Fans of contemporary horror-thrillers will be deeply satisfied by this latest Nightscape outing.



A South Pacific thriller that mixes a good deal of Robert Louis Stevenson with a dash of H.P. Lovecraft.

Edwards’ (Nightscape: Cynopolis, 2015, etc.) third Nightscape novel opens with a desperate emergency—and it rarely slows down after that. Six passengers are enjoying a pleasure cruise aboard a luxury 58-foot cruising yacht near the Solomon Islands when sudden disaster strikes: their anchor comes loose during the night and their yacht strikes a coral reef, fatally gashing the hull. Everyone is forced to abandon ship and swim in the darkness to the nearest atoll. The six castaways are 26-year-old Atlanta Journal-Constitution journalist Ridge Dantley; his fiancee, Mira; his old friend and former schoolmate at Choate, Aaron; U.S. Sen. Bryant Neeland of Georgia; his chief of staff, Kenny; and Kenny’s latest “flirtation,” Boston Brahmin Paige. They all (barely) make it to the atoll—except for Aaron, who disappears into the night. A grieving Ridge decides to swim to a much bigger island in the distance in hopes of finding a settlement or some fresh water. Instead, he finds a nightmare: an outlaw camp run by a sadistic tyrant named Tarrant who forces his own men, the native Melanesians, and now Ridge, to mine for gold. But from Ridge, he wants one other task: editing a strange work of philosophy that Tarrant’s been writing. Edwards very skillfully intersperses tense action scenes among engaging elaborations of his characters—most interestingly, the aforementioned disillusioned senator, who thinks “with growing vehemence” about the decay of the American dream. The prose can be melodramatic at times, as in this line, during the boating mishap: “From his perspective, high above the water, his friends appeared the hapless victims of some vast Manichean struggle.” However, the pacing is pitch-perfect throughout, and the supernatural elements that reveal themselves later on in the story are smoothly integrated. Also, new readers need not read the earlier volumes in the series to enjoy this one.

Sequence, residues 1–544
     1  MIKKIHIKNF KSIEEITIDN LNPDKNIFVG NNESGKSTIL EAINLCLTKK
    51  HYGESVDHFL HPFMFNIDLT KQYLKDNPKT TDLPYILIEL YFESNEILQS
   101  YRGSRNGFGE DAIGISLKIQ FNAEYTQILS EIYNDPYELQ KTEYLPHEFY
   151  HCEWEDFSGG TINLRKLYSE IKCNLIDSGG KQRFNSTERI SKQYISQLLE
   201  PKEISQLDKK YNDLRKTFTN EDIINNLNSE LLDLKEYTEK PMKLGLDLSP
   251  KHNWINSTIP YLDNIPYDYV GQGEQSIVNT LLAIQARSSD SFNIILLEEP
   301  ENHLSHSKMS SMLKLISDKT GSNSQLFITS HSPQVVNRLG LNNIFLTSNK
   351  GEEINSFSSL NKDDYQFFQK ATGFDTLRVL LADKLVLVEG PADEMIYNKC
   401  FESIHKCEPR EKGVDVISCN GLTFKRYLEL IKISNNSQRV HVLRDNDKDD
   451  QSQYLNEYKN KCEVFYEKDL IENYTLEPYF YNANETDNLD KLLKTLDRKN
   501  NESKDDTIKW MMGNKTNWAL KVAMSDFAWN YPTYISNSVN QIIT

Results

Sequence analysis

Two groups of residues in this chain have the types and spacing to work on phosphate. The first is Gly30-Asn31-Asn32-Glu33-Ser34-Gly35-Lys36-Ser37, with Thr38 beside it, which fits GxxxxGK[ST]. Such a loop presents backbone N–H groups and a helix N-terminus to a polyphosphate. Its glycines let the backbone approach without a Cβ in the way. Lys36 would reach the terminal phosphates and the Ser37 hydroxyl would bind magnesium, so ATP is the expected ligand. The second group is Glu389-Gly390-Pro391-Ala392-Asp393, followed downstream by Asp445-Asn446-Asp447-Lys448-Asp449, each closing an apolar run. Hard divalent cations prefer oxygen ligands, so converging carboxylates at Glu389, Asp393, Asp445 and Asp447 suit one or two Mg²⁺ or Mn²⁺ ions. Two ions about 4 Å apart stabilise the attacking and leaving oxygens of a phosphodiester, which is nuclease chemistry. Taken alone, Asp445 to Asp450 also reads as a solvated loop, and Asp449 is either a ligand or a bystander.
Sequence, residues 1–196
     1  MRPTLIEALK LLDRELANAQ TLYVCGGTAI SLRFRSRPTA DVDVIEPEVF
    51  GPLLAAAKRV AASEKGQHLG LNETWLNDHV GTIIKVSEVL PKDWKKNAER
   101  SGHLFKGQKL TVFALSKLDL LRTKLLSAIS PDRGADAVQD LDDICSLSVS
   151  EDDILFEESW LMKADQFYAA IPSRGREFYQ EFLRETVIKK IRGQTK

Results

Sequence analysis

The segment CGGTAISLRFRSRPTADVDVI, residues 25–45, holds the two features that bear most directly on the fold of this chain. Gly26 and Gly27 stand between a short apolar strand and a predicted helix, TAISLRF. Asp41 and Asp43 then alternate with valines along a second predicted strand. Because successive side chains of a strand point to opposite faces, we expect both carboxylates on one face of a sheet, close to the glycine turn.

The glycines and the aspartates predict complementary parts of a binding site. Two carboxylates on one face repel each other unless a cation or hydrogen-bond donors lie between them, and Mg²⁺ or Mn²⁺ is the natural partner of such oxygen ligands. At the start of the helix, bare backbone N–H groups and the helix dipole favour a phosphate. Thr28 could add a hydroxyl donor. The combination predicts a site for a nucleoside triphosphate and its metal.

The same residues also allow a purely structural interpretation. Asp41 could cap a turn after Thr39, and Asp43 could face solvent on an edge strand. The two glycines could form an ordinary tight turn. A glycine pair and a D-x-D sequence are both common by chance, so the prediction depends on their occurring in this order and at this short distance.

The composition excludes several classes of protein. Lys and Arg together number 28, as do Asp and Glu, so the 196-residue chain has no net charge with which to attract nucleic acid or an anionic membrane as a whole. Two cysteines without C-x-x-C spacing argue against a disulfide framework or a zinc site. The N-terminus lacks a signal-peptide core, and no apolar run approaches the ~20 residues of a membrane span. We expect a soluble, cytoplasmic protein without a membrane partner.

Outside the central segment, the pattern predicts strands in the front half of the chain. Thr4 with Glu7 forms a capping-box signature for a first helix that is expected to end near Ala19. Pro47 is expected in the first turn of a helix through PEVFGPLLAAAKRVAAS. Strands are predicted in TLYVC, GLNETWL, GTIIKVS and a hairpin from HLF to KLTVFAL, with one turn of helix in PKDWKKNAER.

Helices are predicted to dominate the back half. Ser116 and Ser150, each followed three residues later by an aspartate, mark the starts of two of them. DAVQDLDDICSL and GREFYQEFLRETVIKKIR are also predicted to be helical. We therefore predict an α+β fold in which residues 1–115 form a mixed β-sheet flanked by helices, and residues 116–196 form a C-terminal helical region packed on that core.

Fans of contemporary horror-thrillers will be deeply satisfied by this latest Nightscape outing.

Pub Date: Sept. 22, 2017

ISBN: 978-0-9897487-4-2

Page Count: 318

Publisher: Imperiad Entertainment

Review Posted Online: Oct. 19, 2017

Kirkus Reviews Issue: Jan. 1, 2018

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Unrelenting gloom relieved only occasionally by wrenching trauma; somehow, though, Hannah’s storytelling chops keep the...


Hannah’s sequel to Firefly Lane (2008) demonstrates that those who ignore family history are often condemned to repeat it.